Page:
California’s ultimate goal should be supporting better educators, not eliminating teacher protections.
By Catherine E. Brown of US New & World Report Feb. 25, 2016, at 1:30 p.m.
The California Court of Appeals, Second District, hears oral arguments Thursday in Vergara v. California. Decided in the summer of 2014, the judge overseeing the case in the California Superior Court found that California’s tenure and last-in-first-out policy for determining teacher layoffs was unconstitutional. The state has appealed, arguing that these protections for teachers are essential for ensuring that experienced teachers stay in the classroom.
While the appellate decision has yet to be handed down, in an important sense, the conversation hasalready moved on. Today teachers are getting more feedback than at any point in history. Teacher evaluations that use multiple measures of effectiveness are standard in almost every state. Teachers largely view their performance based in part on the impact they have on student learning.
Since 2009, over two-thirds of states have made significant changes to their teacher evaluation systems. Twenty-three states now require that tenure decisions be informed by teacher performance. Nine states– Colorado, Connecticut, Delaware, Florida, Hawaii, Louisiana, New York, Oklahoma and Tennessee – use teacher performance as the most significant criterion for granting teacher tenure.
Policymakers are still refining how to evaluate teachers, but few argue that we shouldn’t attempt to measure teacher effectiveness or that it doesn’t matter. And while states are no longer required to evaluate teachers as a matter of federal policy, there’s little evidence that teachers want to go back to the old way of doing business of “close your door, and good luck to ya.”
But let’s be clear: Our collective policy goal shouldn’t be to eliminate teacher protections like last-in-first-out and tenure based on seniority, but rather to render them unnecessary. We should aim to build schools with such high-performing cultures that eliminating incompetence isn’t the most pressing issue, spreading excellence is.
As states like New York, Rhode Island and Delaware raise entry standards for teachers, improve teacher supports and increase teacher salaries, they raise the quality of their educator workforce. These places aren’t focused on how to fire their lowest performers, but on how to provide the tools, guidance and motivation to support all of their educators to teach to high standards.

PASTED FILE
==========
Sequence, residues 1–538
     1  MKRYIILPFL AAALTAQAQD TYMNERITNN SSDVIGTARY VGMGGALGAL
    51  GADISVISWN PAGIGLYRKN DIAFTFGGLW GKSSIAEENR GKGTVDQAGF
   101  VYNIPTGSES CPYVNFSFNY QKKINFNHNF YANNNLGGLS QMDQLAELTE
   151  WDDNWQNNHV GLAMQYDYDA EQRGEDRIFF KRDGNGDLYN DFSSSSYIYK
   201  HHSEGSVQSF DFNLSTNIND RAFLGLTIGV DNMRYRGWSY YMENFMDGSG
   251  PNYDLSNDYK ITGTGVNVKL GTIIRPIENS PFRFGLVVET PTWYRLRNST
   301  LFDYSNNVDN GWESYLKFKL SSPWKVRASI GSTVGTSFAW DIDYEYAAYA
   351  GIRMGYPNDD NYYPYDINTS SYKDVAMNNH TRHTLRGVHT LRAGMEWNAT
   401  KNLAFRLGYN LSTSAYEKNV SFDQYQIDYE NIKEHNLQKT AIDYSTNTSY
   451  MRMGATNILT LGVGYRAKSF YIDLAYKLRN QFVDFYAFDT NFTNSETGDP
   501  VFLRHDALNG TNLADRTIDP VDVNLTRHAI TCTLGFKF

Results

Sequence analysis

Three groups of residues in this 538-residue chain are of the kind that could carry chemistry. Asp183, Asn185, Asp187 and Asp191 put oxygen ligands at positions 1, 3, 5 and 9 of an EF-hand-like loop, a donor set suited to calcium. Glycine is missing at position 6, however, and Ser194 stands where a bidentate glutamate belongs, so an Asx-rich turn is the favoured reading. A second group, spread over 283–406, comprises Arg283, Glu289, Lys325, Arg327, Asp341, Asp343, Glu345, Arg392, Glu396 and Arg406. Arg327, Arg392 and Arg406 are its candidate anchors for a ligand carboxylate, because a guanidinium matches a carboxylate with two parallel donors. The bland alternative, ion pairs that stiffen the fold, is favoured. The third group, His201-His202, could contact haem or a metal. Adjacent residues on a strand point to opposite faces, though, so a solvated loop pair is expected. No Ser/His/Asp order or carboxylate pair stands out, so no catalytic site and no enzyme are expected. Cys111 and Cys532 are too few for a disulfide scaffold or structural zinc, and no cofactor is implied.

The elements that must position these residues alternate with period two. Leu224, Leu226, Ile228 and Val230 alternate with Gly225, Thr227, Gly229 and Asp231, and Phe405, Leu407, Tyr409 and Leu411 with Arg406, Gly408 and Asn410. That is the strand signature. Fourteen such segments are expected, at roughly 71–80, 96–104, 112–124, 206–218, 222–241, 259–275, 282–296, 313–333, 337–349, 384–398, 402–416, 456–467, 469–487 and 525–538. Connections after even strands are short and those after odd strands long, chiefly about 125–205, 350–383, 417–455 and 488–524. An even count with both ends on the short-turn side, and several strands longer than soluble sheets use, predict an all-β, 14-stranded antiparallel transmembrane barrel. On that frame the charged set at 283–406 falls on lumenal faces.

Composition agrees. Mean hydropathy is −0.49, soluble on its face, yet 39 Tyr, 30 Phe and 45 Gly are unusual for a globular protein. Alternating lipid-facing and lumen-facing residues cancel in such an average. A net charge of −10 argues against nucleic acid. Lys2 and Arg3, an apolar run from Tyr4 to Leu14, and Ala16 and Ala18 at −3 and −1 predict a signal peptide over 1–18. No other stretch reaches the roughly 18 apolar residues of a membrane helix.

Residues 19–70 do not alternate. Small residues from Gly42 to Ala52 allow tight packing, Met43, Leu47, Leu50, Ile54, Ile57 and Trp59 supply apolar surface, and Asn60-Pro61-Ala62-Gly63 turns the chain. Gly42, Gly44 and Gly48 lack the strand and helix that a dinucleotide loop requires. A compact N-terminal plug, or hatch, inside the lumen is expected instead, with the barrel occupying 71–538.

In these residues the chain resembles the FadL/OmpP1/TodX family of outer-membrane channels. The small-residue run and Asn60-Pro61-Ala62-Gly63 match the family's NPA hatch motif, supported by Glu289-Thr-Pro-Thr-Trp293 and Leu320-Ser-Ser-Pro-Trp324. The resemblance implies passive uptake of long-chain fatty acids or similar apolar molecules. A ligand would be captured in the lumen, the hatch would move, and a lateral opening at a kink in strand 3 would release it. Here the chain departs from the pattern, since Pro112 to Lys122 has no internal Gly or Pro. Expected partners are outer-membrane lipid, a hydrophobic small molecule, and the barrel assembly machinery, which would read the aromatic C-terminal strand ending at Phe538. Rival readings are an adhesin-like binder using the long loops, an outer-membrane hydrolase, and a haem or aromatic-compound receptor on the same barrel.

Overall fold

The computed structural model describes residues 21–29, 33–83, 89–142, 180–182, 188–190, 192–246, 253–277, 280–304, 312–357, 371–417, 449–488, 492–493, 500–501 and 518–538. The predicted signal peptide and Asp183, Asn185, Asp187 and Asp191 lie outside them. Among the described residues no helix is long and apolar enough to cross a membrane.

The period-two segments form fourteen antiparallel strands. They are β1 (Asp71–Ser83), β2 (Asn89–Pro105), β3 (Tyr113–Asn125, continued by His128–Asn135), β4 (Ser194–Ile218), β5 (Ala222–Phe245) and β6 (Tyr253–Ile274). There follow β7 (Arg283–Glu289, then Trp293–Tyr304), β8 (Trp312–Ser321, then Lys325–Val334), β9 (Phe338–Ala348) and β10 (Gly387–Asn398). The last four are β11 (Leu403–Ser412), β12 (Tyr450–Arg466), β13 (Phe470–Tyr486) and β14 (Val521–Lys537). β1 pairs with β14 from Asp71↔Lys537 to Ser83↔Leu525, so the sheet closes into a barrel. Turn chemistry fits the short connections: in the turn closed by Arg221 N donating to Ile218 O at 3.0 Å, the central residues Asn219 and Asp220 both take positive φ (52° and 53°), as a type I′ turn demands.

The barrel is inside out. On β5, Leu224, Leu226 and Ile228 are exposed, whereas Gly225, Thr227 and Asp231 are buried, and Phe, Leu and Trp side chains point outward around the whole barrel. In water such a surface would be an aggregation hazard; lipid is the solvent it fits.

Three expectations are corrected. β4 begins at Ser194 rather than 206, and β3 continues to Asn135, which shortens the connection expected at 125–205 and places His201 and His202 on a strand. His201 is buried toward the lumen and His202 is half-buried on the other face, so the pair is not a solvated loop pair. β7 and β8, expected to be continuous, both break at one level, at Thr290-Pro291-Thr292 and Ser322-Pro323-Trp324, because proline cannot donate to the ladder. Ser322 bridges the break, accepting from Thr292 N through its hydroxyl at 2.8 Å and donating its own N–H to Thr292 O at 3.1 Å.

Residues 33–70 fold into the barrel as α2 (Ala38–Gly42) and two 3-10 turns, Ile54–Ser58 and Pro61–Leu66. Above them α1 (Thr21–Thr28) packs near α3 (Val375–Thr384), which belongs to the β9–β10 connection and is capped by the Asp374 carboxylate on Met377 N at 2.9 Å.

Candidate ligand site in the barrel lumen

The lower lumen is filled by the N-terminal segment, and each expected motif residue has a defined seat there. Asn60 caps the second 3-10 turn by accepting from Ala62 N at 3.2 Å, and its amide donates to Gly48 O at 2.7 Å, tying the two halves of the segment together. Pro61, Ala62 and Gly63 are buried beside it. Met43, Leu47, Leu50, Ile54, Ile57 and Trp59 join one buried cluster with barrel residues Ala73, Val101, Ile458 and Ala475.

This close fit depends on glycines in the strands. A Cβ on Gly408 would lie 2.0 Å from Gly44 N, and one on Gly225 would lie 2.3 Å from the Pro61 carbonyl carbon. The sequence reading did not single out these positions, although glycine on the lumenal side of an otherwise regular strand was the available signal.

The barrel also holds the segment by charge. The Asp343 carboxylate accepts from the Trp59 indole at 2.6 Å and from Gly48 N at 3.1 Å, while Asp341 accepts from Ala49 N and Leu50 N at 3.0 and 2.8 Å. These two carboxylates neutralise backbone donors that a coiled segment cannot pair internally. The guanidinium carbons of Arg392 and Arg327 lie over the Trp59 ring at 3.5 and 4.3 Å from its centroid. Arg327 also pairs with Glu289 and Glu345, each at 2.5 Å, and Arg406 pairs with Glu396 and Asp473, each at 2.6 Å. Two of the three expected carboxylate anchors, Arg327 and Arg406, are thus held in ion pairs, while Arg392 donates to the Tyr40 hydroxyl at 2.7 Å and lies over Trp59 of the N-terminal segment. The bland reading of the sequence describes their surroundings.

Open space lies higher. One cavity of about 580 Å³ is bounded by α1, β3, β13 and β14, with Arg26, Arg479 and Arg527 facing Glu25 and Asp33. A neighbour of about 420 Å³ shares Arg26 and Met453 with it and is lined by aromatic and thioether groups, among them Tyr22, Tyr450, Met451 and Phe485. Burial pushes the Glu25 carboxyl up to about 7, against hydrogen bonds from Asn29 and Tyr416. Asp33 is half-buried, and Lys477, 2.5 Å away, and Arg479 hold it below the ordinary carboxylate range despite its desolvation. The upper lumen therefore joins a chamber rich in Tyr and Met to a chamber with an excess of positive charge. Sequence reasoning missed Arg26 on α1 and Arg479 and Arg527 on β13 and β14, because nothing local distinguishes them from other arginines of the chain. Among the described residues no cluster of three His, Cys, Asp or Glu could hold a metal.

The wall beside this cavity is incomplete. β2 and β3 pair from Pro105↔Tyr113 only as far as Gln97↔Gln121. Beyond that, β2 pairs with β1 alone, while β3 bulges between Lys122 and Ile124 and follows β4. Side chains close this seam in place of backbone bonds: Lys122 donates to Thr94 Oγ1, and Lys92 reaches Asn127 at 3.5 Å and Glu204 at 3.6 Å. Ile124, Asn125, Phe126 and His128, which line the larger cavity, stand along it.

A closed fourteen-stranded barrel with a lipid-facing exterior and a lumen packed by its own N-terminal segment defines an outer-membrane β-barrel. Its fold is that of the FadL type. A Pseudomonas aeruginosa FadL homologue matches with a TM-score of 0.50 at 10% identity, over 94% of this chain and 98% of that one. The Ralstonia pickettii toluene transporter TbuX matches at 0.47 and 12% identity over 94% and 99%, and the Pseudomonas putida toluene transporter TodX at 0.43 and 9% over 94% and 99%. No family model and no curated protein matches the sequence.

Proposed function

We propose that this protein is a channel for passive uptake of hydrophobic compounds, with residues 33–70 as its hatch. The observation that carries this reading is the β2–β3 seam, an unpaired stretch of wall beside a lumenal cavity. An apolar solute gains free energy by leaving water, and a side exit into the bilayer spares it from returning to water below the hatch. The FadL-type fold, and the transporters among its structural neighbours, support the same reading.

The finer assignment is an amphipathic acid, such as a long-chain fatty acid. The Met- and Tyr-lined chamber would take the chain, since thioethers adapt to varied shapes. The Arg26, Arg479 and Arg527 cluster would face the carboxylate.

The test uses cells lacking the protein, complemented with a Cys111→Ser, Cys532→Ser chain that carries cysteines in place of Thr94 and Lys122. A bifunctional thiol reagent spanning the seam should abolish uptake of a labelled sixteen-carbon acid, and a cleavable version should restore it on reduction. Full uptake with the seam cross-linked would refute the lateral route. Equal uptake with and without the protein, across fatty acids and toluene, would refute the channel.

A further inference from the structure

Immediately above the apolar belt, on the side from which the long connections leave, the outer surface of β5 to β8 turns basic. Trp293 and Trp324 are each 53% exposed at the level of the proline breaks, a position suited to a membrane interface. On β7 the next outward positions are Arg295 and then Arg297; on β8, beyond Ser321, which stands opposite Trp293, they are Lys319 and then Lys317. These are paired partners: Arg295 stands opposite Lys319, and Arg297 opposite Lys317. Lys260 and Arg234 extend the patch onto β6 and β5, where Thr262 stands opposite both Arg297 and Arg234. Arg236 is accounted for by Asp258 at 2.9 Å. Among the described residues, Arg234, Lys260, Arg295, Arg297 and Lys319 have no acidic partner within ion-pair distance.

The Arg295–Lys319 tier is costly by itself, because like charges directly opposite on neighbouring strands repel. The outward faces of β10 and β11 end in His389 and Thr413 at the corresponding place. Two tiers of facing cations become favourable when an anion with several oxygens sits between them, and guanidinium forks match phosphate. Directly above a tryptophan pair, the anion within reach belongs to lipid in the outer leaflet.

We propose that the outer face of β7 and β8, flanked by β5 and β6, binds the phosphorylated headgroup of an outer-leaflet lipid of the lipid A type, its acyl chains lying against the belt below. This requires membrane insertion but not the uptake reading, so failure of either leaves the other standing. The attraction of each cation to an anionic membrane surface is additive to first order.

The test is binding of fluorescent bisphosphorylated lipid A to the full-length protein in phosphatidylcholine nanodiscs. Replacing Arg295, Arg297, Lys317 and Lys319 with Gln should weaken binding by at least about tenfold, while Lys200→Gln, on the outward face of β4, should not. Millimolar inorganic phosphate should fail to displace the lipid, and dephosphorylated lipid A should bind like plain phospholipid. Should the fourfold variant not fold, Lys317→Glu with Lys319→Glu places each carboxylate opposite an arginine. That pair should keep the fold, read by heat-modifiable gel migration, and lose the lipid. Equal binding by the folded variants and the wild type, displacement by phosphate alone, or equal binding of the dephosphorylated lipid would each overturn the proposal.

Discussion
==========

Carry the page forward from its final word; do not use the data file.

Compensating teachers at professional levels is a critical component of better supporting educators. Teacher salaries in the United States are only 60 percent of those of other U.S. workers with college degrees. Many teachers must supplement their incomes with additional work. Instead, like doctors and engineers, teachers should be paid at levels that reflect the important work they complete.
Through a purposeful strategy over more than a decade, the state of New York raised the average SAT score and college GPA of new teachers and dramatically shrunk the gap between the academic ability of teachers hired by high- and low-poverty schools. New York accomplished these objectives while simultaneously growing the share of minority teachers by 8 percent.
States like Washington, Tennessee, Oklahoma, New Mexico and others are seeking to raise teacher compensation, too. And while higher compensation isn’t a silver bullet for elevating the teaching profession, combined with other reforms, it can be an effective recruitment and retention strategy.
Soon, the California Court of Appeals will decide Vergara. The decision will determine what factors California schools can use in layoff and tenure decisions. No matter what the court decides, it won’t – and can’t – set up California’s schools to attract and retain exceptionally talented people. Only proactive, purposeful policy can do that.
There is a national movement afoot to promote the policy parameters that will elevate the teaching profession. Called the TeachStrong campaign, this movement is a partnership between unions, reformers, civil rights advocates and thought leaders to change the systems in which teachers are recruited, trained, supported and paid. It aims to enable teachers to meet the dramatically higher expectations of today’s classrooms.
Let’s move beyond the Vergara debate, and start reimagining the systems in which teachers operate in order to allow them to be successful.